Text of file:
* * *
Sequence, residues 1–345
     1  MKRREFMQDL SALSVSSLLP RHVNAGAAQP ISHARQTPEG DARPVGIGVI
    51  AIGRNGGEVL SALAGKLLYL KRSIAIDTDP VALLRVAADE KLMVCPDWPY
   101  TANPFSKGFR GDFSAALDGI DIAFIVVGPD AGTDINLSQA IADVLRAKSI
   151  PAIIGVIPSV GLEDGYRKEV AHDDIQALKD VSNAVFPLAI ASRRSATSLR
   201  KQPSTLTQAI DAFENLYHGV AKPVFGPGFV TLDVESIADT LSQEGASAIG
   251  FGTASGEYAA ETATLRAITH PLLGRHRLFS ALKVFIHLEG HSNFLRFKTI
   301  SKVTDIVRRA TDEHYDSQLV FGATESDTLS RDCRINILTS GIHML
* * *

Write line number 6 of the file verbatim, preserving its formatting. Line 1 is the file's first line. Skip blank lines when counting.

   201  KQPSTLTQAI DAFENLYHGV AKPVFGPGFV TLDVESIADT LSQEGASAIG